Wisdom For Life At The Extremes

Honor the Lord with your wealth. —Proverbs 3:9

Do not despise the Lord’s discipline. —Proverbs 3:11

Here we are at the two opposite extremes of life – when the good times roll, and when hardship strikes. When life is sweet, trusting God with all our hearts feels unnecessary. When life is bitter, trusting God with all our hearts feels impossible. We need wisdom for those seasons in life when we’re on top, and for those seasons in life when nothing is going right. God is with us in both, with a wisdom that really helps. Earlier in chapter 3 God called us to trust him wholeheartedly (verse 5). Now, in Proverbs 3:9-12, he leads us to trust him wholeheartedly when we’re pushed out to these two opposite edges of our lives – plenty and pain.

Wisdom in plenty

Honor the LORD with your wealth
and with the firstfruits of all your produce;
then your barns will be filled with plenty,
and your vats will be bursting with wine.
—Proverbs 3:9-10

God our Father gives us his counsel (verse 9), with an incentive (verse 10). What is his counsel? “Honor the LORD with your wealth.” The Hebrew verb translated “honor” means “to treat the LORD as weighty.”[1] The root of the verb means “to be heavy,” like a person who carries social weight. That’s what money communicates – prestige, rank, importance. It’s all around us every day. Right here in Nashville and Brentwood and Franklin is one of the most intense concentrations of money in the history of the human race. Whose prestige is that money enhancing? The sad truth is, we honor ourselves with our money, and the Lord gets second best if he’s lucky. But wisdom changes us. Wisdom is saying, “Make the Lord famous and prominent by means of your wealth. Use your money to increase his prestige in your world.”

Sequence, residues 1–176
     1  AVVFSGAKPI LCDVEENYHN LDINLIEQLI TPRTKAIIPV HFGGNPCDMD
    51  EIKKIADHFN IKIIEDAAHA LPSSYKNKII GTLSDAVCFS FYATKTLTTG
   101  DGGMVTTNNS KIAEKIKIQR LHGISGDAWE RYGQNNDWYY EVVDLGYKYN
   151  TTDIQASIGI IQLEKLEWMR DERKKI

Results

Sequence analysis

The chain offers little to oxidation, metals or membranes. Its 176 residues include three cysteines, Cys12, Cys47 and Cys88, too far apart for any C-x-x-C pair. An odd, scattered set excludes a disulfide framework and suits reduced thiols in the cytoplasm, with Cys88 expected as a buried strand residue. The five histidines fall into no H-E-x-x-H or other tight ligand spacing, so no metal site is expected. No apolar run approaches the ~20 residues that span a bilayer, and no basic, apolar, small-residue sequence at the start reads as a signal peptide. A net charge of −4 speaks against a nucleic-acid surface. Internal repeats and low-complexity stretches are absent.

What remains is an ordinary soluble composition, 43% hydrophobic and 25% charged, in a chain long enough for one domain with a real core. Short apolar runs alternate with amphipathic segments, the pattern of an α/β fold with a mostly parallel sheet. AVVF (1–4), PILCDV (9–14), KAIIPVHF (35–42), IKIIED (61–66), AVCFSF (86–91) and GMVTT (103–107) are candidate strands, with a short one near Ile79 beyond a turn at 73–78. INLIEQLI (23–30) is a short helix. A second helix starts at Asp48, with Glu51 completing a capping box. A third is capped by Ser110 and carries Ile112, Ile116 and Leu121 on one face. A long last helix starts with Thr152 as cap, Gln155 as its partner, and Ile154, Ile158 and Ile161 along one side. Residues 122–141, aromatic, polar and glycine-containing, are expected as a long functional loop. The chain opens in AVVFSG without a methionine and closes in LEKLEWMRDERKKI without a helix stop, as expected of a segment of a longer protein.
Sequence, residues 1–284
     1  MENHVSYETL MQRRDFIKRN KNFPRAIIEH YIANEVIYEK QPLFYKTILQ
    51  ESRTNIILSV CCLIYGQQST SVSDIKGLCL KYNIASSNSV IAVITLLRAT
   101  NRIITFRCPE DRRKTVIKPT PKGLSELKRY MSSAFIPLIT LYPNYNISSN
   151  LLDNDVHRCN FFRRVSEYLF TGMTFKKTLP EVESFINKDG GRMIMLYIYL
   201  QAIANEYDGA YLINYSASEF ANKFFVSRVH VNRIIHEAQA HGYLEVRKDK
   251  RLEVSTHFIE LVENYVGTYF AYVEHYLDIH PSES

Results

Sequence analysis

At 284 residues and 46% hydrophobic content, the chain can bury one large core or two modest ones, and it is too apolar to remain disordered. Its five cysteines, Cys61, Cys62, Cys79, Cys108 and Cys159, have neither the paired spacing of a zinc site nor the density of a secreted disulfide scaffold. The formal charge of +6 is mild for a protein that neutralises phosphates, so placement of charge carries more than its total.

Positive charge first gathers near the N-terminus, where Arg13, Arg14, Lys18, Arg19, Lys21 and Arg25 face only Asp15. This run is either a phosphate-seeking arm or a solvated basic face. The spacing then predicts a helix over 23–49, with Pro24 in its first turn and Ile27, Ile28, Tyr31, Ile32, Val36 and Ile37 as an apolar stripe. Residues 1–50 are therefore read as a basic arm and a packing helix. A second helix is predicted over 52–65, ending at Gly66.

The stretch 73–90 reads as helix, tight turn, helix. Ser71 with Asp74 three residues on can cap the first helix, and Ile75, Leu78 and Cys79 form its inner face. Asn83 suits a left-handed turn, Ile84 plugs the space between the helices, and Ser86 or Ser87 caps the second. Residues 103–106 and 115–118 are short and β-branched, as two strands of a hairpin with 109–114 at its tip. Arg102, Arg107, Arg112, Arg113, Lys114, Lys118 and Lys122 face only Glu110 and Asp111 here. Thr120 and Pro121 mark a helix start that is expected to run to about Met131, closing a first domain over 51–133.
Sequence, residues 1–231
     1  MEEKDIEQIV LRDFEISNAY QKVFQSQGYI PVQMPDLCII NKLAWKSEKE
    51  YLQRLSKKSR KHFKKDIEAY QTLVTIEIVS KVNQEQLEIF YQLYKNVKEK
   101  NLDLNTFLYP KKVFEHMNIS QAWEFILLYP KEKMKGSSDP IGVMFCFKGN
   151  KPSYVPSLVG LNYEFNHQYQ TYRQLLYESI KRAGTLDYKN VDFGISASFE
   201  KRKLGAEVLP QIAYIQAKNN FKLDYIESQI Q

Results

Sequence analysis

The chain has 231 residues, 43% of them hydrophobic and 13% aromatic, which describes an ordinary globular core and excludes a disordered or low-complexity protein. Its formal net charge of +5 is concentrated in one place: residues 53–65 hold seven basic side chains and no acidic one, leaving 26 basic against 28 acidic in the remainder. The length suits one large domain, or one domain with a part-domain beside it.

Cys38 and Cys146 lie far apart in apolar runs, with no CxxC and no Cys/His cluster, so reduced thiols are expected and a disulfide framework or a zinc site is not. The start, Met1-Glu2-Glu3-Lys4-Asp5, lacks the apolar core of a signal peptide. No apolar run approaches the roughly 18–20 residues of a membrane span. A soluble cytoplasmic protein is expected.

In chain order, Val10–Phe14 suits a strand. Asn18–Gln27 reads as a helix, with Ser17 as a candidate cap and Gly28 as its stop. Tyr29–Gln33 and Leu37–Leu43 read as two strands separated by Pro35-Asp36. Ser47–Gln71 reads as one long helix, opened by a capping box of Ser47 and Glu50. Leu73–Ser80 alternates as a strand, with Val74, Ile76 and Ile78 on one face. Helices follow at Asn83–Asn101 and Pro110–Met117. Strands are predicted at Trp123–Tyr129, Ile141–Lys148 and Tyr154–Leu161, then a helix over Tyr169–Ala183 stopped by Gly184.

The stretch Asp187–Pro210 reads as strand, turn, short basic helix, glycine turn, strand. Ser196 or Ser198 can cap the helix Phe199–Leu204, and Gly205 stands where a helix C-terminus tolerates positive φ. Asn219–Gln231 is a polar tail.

Why is that wisdom? Because the more we use our money for self-importance, the sillier we look. The pretense of it, the love of appearances, the over-reaching – we do that because money has an almost mystical power over us. But how many castles in Europe are still lived in by the families that built them? Self-importance is unsustainable. But the more we heap prestige on Jesus by our money, the more weighty and significant and relevant we become. We become serious people. We impact history. That’s the irony of wisdom.

There’s also a Hebrew verb for the opposite of honoring. It means “to make light of, to regard as trifling and frivolous.” As God looks at your financial priorities, should he consider himself honored or slighted? Somebody gets the honor of first place in your monthly budget.

If God grants revival in our time – and we always pray for revival – God will be restored to his place of honor in every area of our lives. This word in verse 9 translated “honor” is the Old Testament word for glory. Don’t we pray, “Show us your glory” (Exodus 33:18)? It’s a meaningful prayer. The glory of God is why you and I are on the planet. The glory of God is why the planet is here. The glory of God is why everything is here. What is God up to in all this? He is displaying his glory, so that we can thrill over him forever. The glory of God is the central theme of the Bible.[2] Everything that’s wrong with the world today is traceable to this mega-sin – trivializing God. And that is folly. Life cannot work when we shut out the glory of God and treat this imposter called Self as weighty. But it is so freeing to throw ourselves into honoring God with all we have, including our wealth.